Long-term ingestion of Hibiscus sabdariffa calyx extract enhances myocardial capillarization in the spontaneously hypertensive rat

Ibrahim Inuwa, Badreldin H. Ali, Intisar Al-Lawati, Sumaya Beegam, Amal Ziada, Gerald Blunden

Research output: Contribution to journalArticlepeer-review

34 Citations (Scopus)


The effects of Hibiscus sabdariffa (HS) in lowering blood pressure in human and animal hypertension have been documented. This study investigated the effect of the water extract of the dried calyx of HS and Hibiscus anthocyanins (HAs) on left ventricular myocardial capillary length and surface area in spontaneously hypertensive rats (SHRs). Twelve-week-old male SHRs were divided into eight groups (six rats in each group). Three groups were given three doses; 10%, 15% and 20% of the water extract of HS in lieu of drinking water for 10 consecutive weeks (HS10, HS15 and HS20) with one group kept as control (C). Another three groups were given three doses of the HAs orally at doses of 50, 100 and 200 mg/kg for five consecutive days with one group kept as a control (C). Systolic (SBP) and diastolic (DBP) blood pressures, as well as heart rate (HR), were measured weekly. After the experimental protocols, the left ventricles (LV) of all rats were obtained. Capillary surface area density and length density were determined by unbiased sterological methods on 3 mm LV tissue samples from perfusion-fixed hearts. HS ingestion significantly reduced SBP, DBP and LV mass in a dose-dependent fashion but did not affect the HR. HS significantly increased surface area and length density of myocardial capillaries by 59%, 65% and 86%, and length density by 57%, 77% and 57%, respectively. Myocyte nuclear volume was significantly decreased in HS-treated rats. There was a decrease (although insignificant) in SBP and DBP with HA ingestion compared with controls. These changes suggest that the observed beneficial effect of HS on high BP in SHRs could be mediated through a reduction in the diffusion distance between capillaries and myocytes, as well as new vessel formation. It is proposed that these effects might be beneficial in restoring myocyte normal nutritional status compromised by the hypertrophic state of hypertension.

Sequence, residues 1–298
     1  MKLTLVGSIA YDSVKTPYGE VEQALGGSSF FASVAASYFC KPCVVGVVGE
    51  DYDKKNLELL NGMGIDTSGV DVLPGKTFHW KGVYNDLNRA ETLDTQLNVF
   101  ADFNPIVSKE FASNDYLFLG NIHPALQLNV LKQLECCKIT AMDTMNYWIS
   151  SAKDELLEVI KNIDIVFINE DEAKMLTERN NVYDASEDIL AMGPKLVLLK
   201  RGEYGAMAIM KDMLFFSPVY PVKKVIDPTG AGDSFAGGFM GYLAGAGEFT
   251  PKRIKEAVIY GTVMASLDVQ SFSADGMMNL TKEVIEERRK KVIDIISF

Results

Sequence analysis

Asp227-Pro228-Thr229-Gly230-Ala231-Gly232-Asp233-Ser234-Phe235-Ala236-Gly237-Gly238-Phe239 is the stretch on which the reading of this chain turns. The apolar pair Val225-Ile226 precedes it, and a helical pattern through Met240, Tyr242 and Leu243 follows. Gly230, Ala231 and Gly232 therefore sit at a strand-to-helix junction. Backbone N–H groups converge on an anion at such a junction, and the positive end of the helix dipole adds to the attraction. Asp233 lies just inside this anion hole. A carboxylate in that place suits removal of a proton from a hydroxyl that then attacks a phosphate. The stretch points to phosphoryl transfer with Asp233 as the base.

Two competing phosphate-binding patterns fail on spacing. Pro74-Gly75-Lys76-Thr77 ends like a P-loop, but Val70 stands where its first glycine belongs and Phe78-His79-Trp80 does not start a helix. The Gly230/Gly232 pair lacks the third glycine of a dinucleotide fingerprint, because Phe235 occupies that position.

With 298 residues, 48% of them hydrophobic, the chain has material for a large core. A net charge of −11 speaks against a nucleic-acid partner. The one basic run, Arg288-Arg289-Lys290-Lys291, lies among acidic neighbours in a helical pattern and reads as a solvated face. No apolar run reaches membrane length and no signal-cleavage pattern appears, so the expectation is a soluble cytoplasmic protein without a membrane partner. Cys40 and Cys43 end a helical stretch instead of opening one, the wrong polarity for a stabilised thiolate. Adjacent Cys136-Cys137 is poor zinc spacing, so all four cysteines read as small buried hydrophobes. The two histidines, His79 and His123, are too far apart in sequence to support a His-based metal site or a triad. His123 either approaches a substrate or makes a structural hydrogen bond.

Original languageEnglish
Pages (from-to)563-569
Number of pages7
JournalExperimental Biology and Medicine
Issue number5
Publication statusPublished - May 2012


  • Anthocyanins
  • Blood pressure
  • Heart
  • Hibiscus sabdariffa
  • Rats

ASJC Scopus subject areas

  • Biochemistry, Genetics and Molecular Biology(all)


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